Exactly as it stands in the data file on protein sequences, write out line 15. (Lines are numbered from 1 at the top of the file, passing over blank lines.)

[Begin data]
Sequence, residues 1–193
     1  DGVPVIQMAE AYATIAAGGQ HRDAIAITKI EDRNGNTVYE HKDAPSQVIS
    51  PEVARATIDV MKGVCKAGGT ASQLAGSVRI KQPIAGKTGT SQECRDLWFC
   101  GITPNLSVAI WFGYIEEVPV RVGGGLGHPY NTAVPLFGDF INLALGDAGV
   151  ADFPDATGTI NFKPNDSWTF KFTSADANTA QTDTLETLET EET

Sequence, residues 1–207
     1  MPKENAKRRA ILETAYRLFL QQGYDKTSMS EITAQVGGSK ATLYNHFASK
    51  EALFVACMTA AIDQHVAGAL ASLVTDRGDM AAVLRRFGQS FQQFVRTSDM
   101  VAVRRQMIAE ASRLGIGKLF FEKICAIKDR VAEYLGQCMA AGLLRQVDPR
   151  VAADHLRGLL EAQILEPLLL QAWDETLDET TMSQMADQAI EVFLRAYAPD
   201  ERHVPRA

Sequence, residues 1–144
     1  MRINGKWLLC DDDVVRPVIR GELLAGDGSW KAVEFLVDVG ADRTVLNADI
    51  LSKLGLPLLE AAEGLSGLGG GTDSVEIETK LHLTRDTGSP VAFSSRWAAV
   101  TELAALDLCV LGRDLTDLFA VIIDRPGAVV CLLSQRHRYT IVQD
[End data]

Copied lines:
   101  TELAALDLCV LGRDLTDLFA VIIDRPGAVV CLLSQRHRYT IVQD